• Problem programs may need to be uninstalled from the computer before beginning the  upgrade process
  • Some problem programs are usable, but only from the traditional desktop, this requires switching to the desktop view to see some videos or former applications.
  • Some menus are hard to access with a mouse, because this operating system was designed for touchscreens. The scroll bar is sometimes hidden by a menu, which would not be a problem on a touchscreen, where you would just swipe to scroll
  • It takes an hour or more to upgrade one computer
  • A new system will be confusing at first and takes some time to learn


 

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Fall Workshop Special Session


Fall Workshop 2012 is right around the corner.  This year we have a special session planned on Saturday night before the official Fall Workshop begins on Sunday.  Please consider arriving Saturday evening so you can you can hear our guest speaker, Michael Porter.  Click the link below for complete details.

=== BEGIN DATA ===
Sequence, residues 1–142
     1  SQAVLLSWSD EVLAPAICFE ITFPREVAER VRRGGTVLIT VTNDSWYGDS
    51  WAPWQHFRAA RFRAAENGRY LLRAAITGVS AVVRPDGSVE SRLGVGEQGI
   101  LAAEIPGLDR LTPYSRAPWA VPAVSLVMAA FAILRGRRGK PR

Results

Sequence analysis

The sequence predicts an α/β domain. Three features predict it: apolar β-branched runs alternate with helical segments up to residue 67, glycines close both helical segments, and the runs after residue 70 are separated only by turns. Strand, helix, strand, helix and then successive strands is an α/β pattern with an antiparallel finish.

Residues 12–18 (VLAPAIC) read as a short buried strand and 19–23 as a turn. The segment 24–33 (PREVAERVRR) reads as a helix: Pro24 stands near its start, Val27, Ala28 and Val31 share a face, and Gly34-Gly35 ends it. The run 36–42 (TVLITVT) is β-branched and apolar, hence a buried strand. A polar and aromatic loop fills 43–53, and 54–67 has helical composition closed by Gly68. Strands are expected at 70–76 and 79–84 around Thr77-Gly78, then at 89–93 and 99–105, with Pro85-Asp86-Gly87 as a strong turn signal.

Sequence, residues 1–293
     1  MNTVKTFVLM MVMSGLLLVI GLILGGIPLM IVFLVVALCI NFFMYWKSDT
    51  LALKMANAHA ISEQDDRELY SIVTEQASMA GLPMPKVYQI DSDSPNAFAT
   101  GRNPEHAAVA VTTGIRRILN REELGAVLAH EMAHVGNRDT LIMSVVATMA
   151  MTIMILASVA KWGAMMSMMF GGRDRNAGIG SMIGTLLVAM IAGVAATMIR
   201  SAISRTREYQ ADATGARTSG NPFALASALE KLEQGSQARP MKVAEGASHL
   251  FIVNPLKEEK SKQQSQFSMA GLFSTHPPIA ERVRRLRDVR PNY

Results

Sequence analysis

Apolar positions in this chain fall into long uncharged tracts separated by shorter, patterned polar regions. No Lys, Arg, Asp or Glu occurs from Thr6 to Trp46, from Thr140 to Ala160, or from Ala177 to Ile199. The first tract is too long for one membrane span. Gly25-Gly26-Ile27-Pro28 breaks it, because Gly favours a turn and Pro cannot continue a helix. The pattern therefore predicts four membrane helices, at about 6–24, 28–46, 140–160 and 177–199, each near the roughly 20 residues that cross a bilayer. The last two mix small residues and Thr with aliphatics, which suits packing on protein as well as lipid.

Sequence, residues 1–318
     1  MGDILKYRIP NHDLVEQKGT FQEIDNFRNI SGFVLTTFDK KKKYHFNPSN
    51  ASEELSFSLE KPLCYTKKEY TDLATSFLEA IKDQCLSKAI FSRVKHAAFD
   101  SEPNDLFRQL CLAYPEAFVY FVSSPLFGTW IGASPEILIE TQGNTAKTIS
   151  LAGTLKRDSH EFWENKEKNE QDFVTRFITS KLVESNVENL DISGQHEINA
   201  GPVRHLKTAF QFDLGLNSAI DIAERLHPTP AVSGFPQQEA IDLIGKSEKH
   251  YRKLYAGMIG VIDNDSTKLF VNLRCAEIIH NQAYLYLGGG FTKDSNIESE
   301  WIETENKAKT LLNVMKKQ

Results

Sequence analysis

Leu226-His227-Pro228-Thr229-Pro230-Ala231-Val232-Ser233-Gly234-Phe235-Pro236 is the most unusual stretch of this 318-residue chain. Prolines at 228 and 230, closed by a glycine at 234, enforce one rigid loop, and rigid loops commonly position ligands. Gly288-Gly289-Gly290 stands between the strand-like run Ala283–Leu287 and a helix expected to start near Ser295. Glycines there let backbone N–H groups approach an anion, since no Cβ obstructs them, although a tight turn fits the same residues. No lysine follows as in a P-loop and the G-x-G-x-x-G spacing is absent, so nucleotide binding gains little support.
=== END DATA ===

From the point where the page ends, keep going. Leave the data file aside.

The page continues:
Library Futurist Event

Highlights from the Field, April 2012


  • Butte Silver Bow Public Library launched its new “Technology S.O.S” program, promoting it in      newspapers, radio, television, the web, and social networking sites.
  • Flathead County Library loaned equipment to nonprofit groups, reaching 50 participants.
  • Phillips County Library held a BTOP Open House and Gadget Training with 22 participants.
  • Rosebud County Library attended a Community Collaboration workshop, which led to new partnerships and project ideas including: the Parents Teachers Students  Association, the Human Resources Department, Public Health, the Sheriff’s Department, and the City and County Planners.
  • Darby Community Public Library led an off-site HomeworkMT orientation with a 4th grade class. They passed out thumbdrives afterwards.  The library also called Missoula Public Library to compare computer programs offered on public computers, which led to them adding iTunes, Picassa and Adobe Creator.